The way I see it, all stoner metal/riff rock starts with Black Sabbath. It’s basically proto-metal, but it started out nearly fully formed. Take a riff, smother it in thick distortion and play it until your fingers bleed. Over and over and over again. Poland’s stoner/doom metal Belzebong has that thick crunch down. I think the guitars are tuned down to what sounds like a C, though to be honest it is kind of difficult to discern pitch when things get so low, and then put on top of that the distortion and the fact that the chords are all root-fifth-octave. Things get muddy. The track, “Dungeon Vultures,” doesn’t cover too much territory across its 14 minutes, but I’m definitely not complaining. Some artists make 5 minutes seem like an eternity, but this 14 minutes goes by, I wouldn’t say quickly, but it certainly doesn’t feel like nearly an entire album side. “Dungeon Vultures” was recorded last year, and is limited to only 500 copies, there are still some available Check out the track below.
After enjoying your 14 minutes of dirge and distortion, you can pick yourself up again with the closer-to-standard-tuning, comparatively swinging and bluesy riff-rocker “Blind Seer” by Green & Wood. This one’s a little more in the realm of a standard tune: under 5 minutes and with sneering vocals. I still can’t shake the feeling that, though not as sludgy, or doom-y, that an air of kraut-rock sensibility still exists. We’re reminded of the Black Sabbath connection at about the 2:40 mark, as the song chugs into a very Tony Iommi-esque breakdown. You can check that one out below.
“Blind Seer” appears on Green & Wood’s 2011 release “Devil’s Plan.” It seems like it’s a bit hard to find, but there are a couple copies floating around if you want them.
Belzebong is on tour throughout Europe right now. Dates can be found at their bandcamp.
I have a few different things that I’m working on right now that are going to take some more time to write than I have right now, but luckily I have an inbox full of music that I am trying to get through. I figure that now, toward the end of the year where new releases are getting fewer and farther between that I would do some housecleaning and share with you some of the very worthwhile stuff that I have been checking out.
First up is some heavy garage rock coming from our friends at Permanent Records in Chicago and L.A. The band is Basic Cable and the release is titled “I’m Good to Drive.” Officially released just two days ago “I’m good to drive” is the 39th release on Permanent Records’ own label. The track is a lot cleaner in production than other garagey offerings coming our way from the P-rex crew, but still delivers all the noise and reckless abandon that anyone could hope for. Take a listen to the track “Blonde Ambition” below.
Next up: what kind of a week would it be if Thee Oh Sees didn’t release something. The stream of non-stop ass-kickers continues with “What You Need (The Porch Boogie Thing),” reminding us that the band has released their 3rd singles collection, available now from Castle Face, there are still a few copies of the Pepto Pink vinyl left, as well as CDs. Listen to the track below, it’s exactly what you’d expect from Thee Oh Sees, and they are never ones to disappoint. Oh, and while you are over there at Castle Face, why not pick up a copy of the new White Fence Live in San Francisco recording, and I should add that I picked up the Fuzz EP live from the San Francisco Eagle, and that record (recorded direct to tape) sounds amazing. Guitar crunch and gut punching bass for days.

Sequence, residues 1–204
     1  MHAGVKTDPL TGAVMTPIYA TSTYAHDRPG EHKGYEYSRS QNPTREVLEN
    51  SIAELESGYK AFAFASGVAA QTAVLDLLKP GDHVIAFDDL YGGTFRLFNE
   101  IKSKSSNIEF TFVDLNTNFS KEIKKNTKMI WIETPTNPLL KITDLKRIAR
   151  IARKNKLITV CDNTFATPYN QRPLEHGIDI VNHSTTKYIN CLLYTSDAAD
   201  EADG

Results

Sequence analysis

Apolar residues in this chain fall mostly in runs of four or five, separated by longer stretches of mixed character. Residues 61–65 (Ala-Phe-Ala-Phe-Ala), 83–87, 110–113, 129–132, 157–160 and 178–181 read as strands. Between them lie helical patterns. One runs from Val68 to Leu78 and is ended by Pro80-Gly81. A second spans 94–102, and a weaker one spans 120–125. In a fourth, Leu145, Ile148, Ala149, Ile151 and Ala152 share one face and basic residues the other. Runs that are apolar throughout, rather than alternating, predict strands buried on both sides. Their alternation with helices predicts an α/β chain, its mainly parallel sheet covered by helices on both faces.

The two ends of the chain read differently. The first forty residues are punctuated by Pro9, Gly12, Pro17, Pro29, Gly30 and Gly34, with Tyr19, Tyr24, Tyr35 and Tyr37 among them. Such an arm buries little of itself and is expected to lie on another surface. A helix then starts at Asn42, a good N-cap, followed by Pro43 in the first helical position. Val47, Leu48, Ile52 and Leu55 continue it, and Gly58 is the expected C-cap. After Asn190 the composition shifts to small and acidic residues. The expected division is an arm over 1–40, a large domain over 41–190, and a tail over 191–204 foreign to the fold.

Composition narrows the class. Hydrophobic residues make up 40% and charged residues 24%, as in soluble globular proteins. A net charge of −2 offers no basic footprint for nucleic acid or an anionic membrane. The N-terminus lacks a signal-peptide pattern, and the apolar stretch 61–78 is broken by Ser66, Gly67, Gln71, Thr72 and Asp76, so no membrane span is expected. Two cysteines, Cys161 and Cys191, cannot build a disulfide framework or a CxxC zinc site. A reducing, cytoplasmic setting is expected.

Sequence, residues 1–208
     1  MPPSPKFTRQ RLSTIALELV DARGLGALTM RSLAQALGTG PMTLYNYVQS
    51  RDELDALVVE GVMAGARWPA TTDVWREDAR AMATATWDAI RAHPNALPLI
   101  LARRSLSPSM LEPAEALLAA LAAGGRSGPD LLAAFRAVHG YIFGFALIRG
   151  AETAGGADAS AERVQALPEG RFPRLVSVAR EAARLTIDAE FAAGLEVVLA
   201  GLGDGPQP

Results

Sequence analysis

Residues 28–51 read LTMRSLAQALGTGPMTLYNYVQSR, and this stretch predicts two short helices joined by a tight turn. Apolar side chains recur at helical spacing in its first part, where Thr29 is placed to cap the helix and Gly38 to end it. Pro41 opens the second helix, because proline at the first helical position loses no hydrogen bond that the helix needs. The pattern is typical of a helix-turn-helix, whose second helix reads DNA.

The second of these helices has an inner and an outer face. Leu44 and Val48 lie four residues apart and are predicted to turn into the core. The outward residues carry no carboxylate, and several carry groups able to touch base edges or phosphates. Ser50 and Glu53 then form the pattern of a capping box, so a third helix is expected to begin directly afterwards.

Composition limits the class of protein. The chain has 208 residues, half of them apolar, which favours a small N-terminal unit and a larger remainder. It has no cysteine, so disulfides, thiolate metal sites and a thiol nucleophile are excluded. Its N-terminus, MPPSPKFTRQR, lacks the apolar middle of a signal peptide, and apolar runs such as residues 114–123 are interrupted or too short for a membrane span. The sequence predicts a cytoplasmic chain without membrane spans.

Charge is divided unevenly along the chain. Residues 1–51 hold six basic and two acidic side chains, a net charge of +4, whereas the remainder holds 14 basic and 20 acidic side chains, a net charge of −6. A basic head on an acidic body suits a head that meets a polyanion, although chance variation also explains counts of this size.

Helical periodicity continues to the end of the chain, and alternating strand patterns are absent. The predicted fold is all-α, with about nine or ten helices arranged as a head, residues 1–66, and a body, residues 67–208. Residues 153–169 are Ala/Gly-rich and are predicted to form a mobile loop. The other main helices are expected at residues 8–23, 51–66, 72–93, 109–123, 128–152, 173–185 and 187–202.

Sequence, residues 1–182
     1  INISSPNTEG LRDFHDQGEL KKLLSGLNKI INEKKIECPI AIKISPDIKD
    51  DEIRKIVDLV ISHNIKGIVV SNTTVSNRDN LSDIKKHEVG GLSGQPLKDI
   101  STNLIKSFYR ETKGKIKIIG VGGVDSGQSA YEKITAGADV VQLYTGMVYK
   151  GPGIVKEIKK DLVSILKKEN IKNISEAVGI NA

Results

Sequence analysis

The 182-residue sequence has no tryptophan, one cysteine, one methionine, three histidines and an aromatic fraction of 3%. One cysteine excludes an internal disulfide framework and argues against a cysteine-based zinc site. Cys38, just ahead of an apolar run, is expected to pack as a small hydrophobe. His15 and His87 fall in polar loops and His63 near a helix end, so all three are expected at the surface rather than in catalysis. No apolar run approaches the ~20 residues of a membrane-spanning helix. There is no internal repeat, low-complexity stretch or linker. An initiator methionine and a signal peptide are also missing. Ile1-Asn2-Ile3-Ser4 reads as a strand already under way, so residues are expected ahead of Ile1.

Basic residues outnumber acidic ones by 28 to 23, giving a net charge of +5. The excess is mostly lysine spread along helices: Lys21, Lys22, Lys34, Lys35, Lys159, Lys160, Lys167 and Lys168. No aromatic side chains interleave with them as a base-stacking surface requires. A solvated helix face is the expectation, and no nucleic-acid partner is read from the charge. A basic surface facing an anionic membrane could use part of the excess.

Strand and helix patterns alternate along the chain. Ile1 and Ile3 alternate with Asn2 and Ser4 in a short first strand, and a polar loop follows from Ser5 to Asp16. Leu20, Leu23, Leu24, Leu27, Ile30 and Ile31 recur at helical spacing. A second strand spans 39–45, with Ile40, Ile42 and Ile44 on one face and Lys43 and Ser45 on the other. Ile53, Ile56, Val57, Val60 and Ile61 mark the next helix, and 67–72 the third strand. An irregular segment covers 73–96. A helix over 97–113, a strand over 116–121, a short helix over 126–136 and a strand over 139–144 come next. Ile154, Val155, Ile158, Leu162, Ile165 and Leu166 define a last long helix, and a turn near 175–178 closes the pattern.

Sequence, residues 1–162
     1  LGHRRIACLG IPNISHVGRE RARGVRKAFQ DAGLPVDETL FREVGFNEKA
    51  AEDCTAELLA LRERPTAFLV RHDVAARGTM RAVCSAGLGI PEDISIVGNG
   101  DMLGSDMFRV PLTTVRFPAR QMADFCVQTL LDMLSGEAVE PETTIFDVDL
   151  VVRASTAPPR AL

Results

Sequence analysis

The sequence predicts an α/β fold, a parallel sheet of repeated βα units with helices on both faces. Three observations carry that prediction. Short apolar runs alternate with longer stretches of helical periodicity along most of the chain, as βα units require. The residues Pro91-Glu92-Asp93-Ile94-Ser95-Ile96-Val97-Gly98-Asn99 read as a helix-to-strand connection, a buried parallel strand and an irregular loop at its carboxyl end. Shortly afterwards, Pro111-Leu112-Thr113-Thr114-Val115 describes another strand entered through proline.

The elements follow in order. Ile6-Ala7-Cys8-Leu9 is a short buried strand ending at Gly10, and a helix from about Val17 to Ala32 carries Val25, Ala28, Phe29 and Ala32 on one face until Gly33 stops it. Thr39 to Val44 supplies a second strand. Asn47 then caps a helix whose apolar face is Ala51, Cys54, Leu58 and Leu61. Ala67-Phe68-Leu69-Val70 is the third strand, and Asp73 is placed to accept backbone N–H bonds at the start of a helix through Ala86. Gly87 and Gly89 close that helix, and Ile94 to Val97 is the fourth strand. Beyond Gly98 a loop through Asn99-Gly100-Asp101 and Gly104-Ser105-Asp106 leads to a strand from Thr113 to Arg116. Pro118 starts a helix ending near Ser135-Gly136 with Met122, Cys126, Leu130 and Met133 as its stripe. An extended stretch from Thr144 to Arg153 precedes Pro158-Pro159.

And now for something completely different. The Delay in the Universal Loop is from Benevento, Italy and they just released an album this past week entitled “Disarmonia.” The track below is “Spasmodica,” a song which starts off delicately enough, but takes a few twists and turns in the course of 4 minutes. The 17 year old Dylan Luliano is responsible for every aspect of the album, playing all the instruments, singing and writing all of the songs. More information and tons of links can be found here. “Disarmonia” is available worldwide right now. And you should maybe act fast because apparently there are an extremely (30?!) limited number of physical copies available. Head to the bandcamp page to check it out.
Enjoy those, and follow the links to some of the other stuff available from the Factum Est and Permanent Records soundcloud pages. Lots of worth stuff there.
I kind of hate when the video is just for the audio, but sometimes (this time being one of them) the songs are so worth hearing that it really doesn’t matter.
Earthless is based out of San Diego, creating grimy blues based riffs full of swagger. Each track relaxes into a groove before letting it rip, repeating that form and finding different ways to vary it within the structure. Alternately locking into a groove and then breaking off into a solo, backbeat holding steady, bass matching lead guitar in dexterous maneuvers. I think that if the solo in “Violence of the Red Sea” went on for another 10 minutes I probably wouldn’t mind. And speaking of that song, that bass line sounds about one note off from “Ironman,” but I’m definitely not complaining. Take it and run with it.
Each track is about 15 minutes, give or take, of crushing riffs. “Uluru Rock,” the second side of this 2xLP takes things a little slower, in minor key creepiness. For me, though, the titular track that closes the album is the highlight. Check it out above at the 34:52 mark.
The album is currently available on Tee Pee Records. Earthless is currently on tour in Europe, but North American tour dates in support of “From the Ages” are expected to be announced soon.